My heart is as light as a feather and my spirits are dancing. I received this afternoon a fine parcel of letters and papers by Colonel Thayer. It was a feast to me. I shall rest in quiet, I hope, this night. The papers I have not read, but sit down to write you, for Mr. Bass has just been here to let me know that Harry will call upon him to-morrow and take this letter for me. I would not have you anxious about me. I make out better than I did.

I took a ride last week, and ventured just as far as the stump of Liberty Tree. Roxbury looks more injured than Boston. That is, the houses look more torn to pieces. I was astonished at the extent of our lines and their strength.

We have taken a most noble prize, the inventory of which you will have in the paper. The poor Captain [144] has since lost his life in a desperate engagement with thirteen boats from the men of war, which attacked and attempted to board him; but by a most brave resistance they sunk four of the boats and fought so warmly with their spears and small arms as to oblige them to quit him, though he had but twenty-seven men and they five times his number. He unhappily fell, and was the only one who did. Many dead bodies have since been taken up, among whom is an officer.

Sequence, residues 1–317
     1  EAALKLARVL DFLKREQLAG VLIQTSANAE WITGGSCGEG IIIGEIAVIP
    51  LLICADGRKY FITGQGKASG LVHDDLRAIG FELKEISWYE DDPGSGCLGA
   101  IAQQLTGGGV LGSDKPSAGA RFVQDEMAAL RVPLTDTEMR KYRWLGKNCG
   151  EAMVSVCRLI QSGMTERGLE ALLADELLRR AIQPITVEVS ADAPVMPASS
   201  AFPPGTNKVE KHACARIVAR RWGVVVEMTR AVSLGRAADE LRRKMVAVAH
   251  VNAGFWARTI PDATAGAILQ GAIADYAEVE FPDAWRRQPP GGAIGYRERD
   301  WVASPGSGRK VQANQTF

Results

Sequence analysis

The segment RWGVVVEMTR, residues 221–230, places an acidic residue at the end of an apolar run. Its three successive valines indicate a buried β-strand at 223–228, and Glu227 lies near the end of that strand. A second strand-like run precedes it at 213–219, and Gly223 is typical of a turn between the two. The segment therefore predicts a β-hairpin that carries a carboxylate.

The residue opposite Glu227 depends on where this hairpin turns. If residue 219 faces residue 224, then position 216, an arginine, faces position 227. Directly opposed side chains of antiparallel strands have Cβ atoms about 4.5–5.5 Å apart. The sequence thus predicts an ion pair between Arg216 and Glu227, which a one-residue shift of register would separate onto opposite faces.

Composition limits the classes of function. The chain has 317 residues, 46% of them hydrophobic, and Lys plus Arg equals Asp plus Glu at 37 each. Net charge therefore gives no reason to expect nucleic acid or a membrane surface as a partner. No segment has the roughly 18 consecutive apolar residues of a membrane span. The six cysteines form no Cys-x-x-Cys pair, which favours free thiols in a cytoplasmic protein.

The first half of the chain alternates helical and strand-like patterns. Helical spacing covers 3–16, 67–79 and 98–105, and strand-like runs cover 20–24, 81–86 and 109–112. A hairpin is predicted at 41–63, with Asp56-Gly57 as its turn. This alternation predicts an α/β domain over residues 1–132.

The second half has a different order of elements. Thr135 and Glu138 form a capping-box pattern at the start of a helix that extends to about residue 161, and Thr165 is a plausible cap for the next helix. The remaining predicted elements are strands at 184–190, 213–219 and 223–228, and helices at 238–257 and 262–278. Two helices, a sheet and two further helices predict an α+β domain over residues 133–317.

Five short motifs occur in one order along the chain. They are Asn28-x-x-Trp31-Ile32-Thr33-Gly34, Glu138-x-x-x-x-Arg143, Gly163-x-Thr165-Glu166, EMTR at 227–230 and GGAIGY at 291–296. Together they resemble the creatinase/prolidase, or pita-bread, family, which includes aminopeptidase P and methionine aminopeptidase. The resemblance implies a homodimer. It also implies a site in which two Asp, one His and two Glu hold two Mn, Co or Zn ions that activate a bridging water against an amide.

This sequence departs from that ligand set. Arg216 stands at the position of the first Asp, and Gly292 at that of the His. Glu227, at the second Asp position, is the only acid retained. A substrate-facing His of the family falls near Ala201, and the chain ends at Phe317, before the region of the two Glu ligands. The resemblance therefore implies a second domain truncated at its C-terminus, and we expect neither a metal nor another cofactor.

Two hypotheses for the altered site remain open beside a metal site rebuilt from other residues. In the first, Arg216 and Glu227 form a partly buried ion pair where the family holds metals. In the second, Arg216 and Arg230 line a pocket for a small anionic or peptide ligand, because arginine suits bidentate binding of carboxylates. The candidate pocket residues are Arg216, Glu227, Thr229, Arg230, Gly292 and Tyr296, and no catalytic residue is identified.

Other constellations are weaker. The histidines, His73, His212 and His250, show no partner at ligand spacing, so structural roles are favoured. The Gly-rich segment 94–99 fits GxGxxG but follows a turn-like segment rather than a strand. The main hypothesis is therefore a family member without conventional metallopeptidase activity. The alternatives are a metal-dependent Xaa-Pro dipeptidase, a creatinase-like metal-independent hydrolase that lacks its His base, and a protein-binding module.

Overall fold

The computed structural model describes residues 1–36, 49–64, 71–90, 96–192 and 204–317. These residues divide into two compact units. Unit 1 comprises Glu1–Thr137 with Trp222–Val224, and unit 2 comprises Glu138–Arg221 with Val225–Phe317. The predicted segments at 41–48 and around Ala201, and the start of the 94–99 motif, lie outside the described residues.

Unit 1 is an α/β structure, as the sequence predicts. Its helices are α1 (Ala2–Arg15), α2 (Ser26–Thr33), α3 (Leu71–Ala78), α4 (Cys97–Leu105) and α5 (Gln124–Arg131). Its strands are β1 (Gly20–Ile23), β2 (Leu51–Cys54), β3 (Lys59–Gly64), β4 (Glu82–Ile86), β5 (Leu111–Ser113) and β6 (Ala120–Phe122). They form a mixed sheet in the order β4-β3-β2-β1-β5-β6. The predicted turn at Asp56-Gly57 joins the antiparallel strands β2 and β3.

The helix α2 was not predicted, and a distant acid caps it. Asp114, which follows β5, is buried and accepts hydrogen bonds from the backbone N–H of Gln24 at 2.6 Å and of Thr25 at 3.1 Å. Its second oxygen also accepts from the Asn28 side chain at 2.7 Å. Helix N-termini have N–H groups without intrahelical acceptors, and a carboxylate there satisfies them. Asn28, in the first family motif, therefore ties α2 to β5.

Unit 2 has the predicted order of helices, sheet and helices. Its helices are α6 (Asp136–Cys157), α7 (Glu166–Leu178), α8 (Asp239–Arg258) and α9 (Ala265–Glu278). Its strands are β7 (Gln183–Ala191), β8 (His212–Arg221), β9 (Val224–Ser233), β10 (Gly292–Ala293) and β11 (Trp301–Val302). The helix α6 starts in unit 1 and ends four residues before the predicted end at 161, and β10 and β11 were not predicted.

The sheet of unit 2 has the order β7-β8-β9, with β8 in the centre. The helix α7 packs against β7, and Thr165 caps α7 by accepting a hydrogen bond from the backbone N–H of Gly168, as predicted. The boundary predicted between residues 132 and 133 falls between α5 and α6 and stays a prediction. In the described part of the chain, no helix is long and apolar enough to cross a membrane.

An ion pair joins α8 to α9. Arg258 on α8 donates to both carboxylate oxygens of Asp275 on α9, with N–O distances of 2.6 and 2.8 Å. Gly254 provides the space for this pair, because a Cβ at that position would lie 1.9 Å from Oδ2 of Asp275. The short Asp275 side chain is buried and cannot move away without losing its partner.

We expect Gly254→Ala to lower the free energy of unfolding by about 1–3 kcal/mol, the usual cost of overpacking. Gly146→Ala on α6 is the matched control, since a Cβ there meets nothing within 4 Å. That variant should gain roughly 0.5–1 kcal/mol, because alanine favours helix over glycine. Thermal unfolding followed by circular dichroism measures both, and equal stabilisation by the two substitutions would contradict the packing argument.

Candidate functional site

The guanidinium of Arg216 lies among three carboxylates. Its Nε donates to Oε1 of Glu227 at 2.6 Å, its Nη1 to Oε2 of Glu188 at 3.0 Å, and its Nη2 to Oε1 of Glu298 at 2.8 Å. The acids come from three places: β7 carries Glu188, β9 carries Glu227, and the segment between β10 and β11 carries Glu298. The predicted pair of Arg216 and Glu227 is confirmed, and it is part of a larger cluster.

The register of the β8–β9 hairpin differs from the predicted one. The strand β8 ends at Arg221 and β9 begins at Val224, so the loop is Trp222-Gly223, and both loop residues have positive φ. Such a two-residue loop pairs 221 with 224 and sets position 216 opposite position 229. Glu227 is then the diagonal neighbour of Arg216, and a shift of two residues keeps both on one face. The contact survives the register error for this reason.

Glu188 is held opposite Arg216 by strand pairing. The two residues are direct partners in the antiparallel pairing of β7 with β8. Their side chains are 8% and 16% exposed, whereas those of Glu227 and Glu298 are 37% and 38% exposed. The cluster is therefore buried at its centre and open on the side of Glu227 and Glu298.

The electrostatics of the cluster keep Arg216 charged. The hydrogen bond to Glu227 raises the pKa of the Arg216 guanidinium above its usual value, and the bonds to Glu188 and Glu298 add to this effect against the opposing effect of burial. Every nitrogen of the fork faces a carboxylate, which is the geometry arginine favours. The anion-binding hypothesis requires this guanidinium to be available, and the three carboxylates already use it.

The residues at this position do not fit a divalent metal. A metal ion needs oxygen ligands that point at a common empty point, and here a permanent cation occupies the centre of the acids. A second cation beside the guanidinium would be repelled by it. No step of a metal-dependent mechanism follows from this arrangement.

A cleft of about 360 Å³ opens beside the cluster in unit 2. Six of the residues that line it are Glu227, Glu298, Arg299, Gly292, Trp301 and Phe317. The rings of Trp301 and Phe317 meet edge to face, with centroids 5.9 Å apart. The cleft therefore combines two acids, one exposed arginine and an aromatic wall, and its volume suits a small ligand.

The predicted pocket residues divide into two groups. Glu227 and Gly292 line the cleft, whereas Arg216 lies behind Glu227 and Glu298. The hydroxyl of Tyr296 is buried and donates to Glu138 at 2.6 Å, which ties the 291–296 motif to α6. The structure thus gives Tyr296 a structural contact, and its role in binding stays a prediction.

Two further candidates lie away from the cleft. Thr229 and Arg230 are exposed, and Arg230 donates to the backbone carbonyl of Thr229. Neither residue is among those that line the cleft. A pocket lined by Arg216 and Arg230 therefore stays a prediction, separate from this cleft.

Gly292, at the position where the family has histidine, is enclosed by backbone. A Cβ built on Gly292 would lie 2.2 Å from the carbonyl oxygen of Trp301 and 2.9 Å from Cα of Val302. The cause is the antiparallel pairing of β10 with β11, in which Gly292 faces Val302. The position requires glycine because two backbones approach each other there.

We have now in fair sight of my uncle's the Commodore, a thirty-six gun frigate, another large vessel, and six small craft. I hope after election we shall have ways and means devised to drive off these torments. Providence seems to have delivered into our hands the very articles most needed, and at a time when we were weak and not so well provided for as we could wish. We have two row-galleys building, and men of spirit to use them I dare say will be found. One engagement only whets their appetite for another.

I heard last night that we had three regiments coming back to us, with General Gates to head them; at which I most sincerely rejoiced. I think he is the man we want.